Monday, May 30, 2016

The Veterans Come to Loveland Middle School

Last week, students at Loveland Middle School spent time in the company of heroes. It was part of an annual event which brings in an array of veterans to talk to the 450 members of the eighth grade class.

(And might I note up front: this day has nothing to do with standardized tests and everything to do with true learning.)

The school has been hosting this kind of gathering once a year, since 2003, in part in response to the attacks on 9/11. 

After all, if a nation is going to go to war, it seems students, teachers, administrators and the people, generally, should have a clear idea what that entails.

Every year a dozen or more veterans arrive to tell their moving stories. Joe Whitt, who survived the attack on Pearl Harbor, came every year for a decade until his health failed. Melvin Burdine first visited in 2005, sixty years after a Japanese sniper shot him in the back and nearly killed him at Iwo Jima. Mark Adams comes to tell listeners (too young to remember Saddam Hussein) what it was like to fly an F-16 in combat. The most recent group also included Joe Jeffcoat, father of four Loveland students, a man badly wounded when a rocket propelled grenade destroyed his position in Iraq. Chuck Garrett, who did a tour in Iraq, too—and some years earlier a tour of Loveland Middle School as a seventh and eighth grade student—was back again. So was Bill Mansfield, who helped mop up the last Nazis in Europe when he was a young soldier with the United States Army.


I come because I helped set up the first visits and I’m a veteran, too—but certainly not one of the heroes. 

I was a clerk in a Marine supply unit during the Vietnam War and never got closer to combat than Camp Pendleton, California. 

I used to joke with students (I taught at Loveland Middle School for thirty-three years), saying: “Yeah, I defended my country with my trusty staple gun.”

If all I did was paperwork, most of the speakers dodged (or tried to dodge) enemy fire. The way the program is designed, speakers stay in one room and students rotate to hear different vets talk. Garrett was not the only former LMS student to visit in 2016. Phil McDaniel, who served with a Marine artillery unit from 2004-2008, and missed a tour in Iraq only because he broke his collarbone in training, was also present. “I begged my first sergeant to be allowed to go,” he told an audience of young people during one recent session. “I said I’d do anything, computer work. Anything! Just let me go.”

Request denied.

The man who has run the program for eight years is Dave Fletcher, also a veteran, a graduate of the U. S. Military Academy, now a hard-working classroom teacher. And this year he put together a superb slate of speakers: including Garrett, McDaniel, Mark Jacquez, who saw combat in Iraq, and Chris Tobias, who served with the U. S. Army in Afghanistan, all graduates of the Loveland City Schools.

For the day, Dave paired me off with Chris, because this was the first year the young vet had spoken to kids and Dave knows I know how the program is supposed to work and wanted to ensure everything went well.

Thanks to S/Sgt. Tobias it went more than well. 

By coincidence, Tobias was sitting in my history class on 9/11. So I brought along a yearbook and when I listened to him speak I passed it round and let this year’s eighth graders see what he looked like when he was their age. In his old photo Chris is round-faced and chunky, wearing glasses. “I was a band nerd,” he admits with a laugh.

I’ve been involved with this program, myself, for fourteen years, and every time I come away feeling I’ve just been through one of the most important days I’ve ever spent in education.

The speakers help young people—help all their listeners—understand that wars are fought by ordinary men and women. (We’re still trying to convince Kellie, a former U. S. Army nurse and Iraq War veteran, and another Loveland graduate, to visit some year; but she has trouble to this day talking about her experiences.)

In each of four sessions, with groups of 20 or 25 students, Tobias proved an engaging speaker. I talked briefly, to start, telling kids I was an average student when their age, happy to finish in the bottom half of my high school graduating class. I talked about my lack of motivation at the time—how I started college—dropped out in 1968—how the Marines finally shaped me up. I always include one funny story (now; definitely not at the time) about the day my drill instructor at Parris Island choked me.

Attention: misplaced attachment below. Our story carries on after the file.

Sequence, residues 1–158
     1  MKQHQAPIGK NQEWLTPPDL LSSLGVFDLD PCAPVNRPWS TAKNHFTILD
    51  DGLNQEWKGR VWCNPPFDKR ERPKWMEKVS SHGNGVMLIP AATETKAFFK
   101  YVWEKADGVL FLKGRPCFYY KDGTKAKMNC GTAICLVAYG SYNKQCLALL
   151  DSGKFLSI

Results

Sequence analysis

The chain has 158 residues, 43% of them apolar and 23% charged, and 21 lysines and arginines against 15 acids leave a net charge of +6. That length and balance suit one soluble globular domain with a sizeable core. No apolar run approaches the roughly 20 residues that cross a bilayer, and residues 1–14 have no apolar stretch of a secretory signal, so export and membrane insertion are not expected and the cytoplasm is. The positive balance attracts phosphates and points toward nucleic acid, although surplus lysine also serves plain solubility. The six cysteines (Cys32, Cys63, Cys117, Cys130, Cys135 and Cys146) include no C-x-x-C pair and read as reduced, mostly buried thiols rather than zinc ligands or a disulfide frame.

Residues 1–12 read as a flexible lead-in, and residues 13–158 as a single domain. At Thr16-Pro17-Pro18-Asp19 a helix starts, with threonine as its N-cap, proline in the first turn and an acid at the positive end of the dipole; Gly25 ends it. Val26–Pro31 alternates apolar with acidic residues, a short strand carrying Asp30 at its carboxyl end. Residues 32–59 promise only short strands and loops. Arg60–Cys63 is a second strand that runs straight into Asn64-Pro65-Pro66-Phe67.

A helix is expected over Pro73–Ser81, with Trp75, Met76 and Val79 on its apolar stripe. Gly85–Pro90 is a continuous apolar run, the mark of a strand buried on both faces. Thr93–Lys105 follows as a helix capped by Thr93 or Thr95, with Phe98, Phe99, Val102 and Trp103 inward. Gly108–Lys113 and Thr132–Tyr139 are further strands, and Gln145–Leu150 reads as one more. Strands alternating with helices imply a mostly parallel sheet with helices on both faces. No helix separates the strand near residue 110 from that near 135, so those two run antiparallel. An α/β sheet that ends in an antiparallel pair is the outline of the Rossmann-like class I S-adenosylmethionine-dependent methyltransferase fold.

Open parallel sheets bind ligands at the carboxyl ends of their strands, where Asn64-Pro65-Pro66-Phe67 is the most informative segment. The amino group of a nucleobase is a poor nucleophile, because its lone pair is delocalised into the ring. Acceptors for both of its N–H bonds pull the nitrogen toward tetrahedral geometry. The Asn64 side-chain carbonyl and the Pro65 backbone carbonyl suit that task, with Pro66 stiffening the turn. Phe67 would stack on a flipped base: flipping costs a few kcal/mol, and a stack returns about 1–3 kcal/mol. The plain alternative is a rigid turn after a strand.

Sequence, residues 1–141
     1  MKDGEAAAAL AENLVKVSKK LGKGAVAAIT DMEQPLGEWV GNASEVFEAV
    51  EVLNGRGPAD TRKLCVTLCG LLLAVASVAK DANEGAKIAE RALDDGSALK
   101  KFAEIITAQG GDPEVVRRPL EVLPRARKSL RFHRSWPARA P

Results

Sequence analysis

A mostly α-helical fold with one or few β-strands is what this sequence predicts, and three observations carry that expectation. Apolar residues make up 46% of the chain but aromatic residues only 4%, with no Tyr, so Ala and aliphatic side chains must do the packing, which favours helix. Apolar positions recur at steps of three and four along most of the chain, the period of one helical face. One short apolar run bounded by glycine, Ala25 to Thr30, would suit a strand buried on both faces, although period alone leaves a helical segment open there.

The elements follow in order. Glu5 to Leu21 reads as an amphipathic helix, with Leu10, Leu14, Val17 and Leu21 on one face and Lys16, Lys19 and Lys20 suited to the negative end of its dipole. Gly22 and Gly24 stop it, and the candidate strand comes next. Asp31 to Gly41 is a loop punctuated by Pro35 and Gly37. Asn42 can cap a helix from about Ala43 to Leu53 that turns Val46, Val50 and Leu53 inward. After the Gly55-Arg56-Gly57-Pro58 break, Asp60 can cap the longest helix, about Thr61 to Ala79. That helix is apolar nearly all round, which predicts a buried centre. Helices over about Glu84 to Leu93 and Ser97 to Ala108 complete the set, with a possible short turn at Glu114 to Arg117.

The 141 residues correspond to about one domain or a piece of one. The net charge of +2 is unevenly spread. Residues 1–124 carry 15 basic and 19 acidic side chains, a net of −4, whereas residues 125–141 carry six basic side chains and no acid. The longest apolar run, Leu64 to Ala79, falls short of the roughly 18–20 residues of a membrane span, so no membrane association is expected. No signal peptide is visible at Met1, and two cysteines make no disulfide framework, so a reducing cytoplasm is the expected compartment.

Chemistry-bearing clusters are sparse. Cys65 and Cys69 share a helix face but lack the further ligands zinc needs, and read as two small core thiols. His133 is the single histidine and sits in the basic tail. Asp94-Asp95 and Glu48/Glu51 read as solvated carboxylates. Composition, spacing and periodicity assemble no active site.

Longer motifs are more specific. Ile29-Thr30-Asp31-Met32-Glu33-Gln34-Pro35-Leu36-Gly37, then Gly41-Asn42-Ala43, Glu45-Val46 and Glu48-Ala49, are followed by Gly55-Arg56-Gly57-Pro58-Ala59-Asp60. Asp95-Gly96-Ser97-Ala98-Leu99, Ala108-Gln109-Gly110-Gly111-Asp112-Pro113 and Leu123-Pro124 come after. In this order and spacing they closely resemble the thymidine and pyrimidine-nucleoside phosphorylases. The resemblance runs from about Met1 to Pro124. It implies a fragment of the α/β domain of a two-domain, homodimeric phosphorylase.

After that, I take a seat. 

Students need to hear what heroes have to say. It turns out Tobias’ unit was responsible for “village stability operations” in Helmand Province, one of the most dangerous corners of a supremely dangerous land. Since he and other members of his platoon were expected to bond with locals they were allowed to grow out their beards and hair and don Afghan-style clothing. Chris told us he learned Pashtun and mentioned enduring broiling hot days, followed by nights when temperatures dropped to 90°, which, by comparison, left you feeling you were freezing. In an area where indoor plumbing was unknown he said he and his buddies went six months without showering.

This brought groans from the young listeners.

Eventually, the army gave each of the men three water bottles, allowed them to stab the tops with their bayonets, and “shower” with those. Chris said afterward he “felt fresh,” then had us all laughing when he described going back to quarters, where he and several men had been living for weeks and realizing how terrible they all must have smelled. He talked about the boredom of long days spent in Afghan villages. On one occasion he and several other soldiers hatched the idea of building a “crossbow” out of PVC pipe and firing an “arrow” fashioned from a rifle-cleaning rod. 

Their design worked perfectly—and away the arrow sailed. Then they realized: “Hey, we only have one arrow.”

Climbing to the top of a wall that surrounded the compound where they were then living they scanned the distance to see where the arrow might have landed. Finally, they spotted it, several hundred yards out, by purest bad luck, sticking in the side of a now thoroughly dead goat.

Tobias and his unit were deep in Taliban country, but by this point the men had survived months of hazardous duty. So he asked his commander for permission to take “five packs” (five men) out to fetch the arrow—deceased goat attached. By this time, they had had several close encounters with roadside bombs and repeatedly come under enemy fire. So they were fatalistic. Instead of donning body armor they went traipsing after the arrow wearing flip flops and shorts. Tobias had us all laughing again when he described the shorts the army issued, which were very short.